Above-mentioned observations lead the conclusion that the weathering behaviours of the rocks of Rio de Janeiro area under the tropical climate are dependent rather their texture than the composition. In the rocks with strong mineral orientation, such as biotite gneiss and migmatite, the meteoric water permeates easily into the rocks up to a large depth along the mineral orientation plains, especially that of biotite. So, the rock weathering is rapidly advances. On the other hand, the rocks without mineral orientation, as granite and gabbro, has no water permeation plains, so the rock weathering proceeds slowly along the few fractures. Because of intermediate texture, the augen gneiss shows intermediate behaviours.

Natural recovery process of the Tijuca Forest

The Tijuca National Park (Parque Nacional da Tijuca) is the mountain area of 1024m high, situated in the back of Rio de Janeiro city, the second major seaport metropolis of Brazil. This area had been covered by Atlantic Forest (Mata atlâtica), but was deforested since 17th century and almost totally destroyed in 19th Century by means of coffee plantation installation. However, in late 19th Century, the second Brazilian emperor, Dom Pedro II, ordered to reforest the Tijuca area with objective of resolve water shortage problem. In obedience to the order, Major Archer and his 6 servants made best effort planting natural species during 13 years, and finally achieved the reforesting work in success.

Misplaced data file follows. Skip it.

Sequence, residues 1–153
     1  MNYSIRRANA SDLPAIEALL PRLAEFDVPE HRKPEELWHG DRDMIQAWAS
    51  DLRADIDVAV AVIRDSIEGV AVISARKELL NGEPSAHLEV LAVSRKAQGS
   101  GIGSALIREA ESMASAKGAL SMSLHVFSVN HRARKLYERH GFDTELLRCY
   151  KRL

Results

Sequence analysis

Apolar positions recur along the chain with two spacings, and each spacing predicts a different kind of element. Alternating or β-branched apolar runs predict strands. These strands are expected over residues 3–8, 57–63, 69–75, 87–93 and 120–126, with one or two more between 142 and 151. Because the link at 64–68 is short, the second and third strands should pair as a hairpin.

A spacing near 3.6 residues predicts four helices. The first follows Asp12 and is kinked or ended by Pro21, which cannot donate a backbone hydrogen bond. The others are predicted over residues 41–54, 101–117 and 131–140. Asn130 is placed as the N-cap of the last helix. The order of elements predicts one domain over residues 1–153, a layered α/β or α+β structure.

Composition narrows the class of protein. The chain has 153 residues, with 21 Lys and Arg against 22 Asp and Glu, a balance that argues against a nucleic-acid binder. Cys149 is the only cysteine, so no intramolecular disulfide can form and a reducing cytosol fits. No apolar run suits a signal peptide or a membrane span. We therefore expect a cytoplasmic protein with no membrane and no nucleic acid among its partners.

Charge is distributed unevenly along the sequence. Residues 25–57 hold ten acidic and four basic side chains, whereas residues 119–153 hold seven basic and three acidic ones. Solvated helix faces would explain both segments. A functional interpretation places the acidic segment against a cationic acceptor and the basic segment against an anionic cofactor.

On February 13, 1996, a strong pluvial impact of 300mm during 2 hours took place at Rio de Janeiro. This pluvial impact after a hundred years resulted immense urban disasters, such as landslide and inundation. The Tijuca Forest also attacked by the pluvial impact. Due to debris-flows and mountainside collapse, the many trees fell down opening forest destruction zones.

Most of the forest disasters occurred in biotite gneiss area in which are covered by thick regolith. In granite area, there were boulder falls, but no debris-flow took place. In the forest destruction zones, all of the trees fell downward, indicating presence of high-speed water flow on the surface. For this reason, it is considered that the forest destruction were not due to coherent landslide between regolith and non-weathered hard rock, but attributed to debris-flows. Provably, it was not easy for rainfall water to permeate in the regolith and reach up to the contact zone with the hard rock in a short time, because the regolith has high contents of clay minerals.